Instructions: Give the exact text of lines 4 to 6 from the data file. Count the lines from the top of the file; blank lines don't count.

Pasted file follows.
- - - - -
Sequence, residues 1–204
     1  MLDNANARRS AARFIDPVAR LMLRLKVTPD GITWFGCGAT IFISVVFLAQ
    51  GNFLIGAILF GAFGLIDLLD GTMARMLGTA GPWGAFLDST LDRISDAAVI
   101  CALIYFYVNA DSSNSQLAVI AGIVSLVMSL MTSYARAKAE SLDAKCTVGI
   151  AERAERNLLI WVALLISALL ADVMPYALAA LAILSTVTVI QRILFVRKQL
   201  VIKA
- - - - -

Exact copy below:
   101  CALIYFYVNA DSSNSQLAVI AGIVSLVMSL MTSYARAKAE SLDAKCTVGI
   151  AERAERNLLI WVALLISALL ADVMPYALAA LAILSTVTVI QRILFVRKQL
   201  VIKA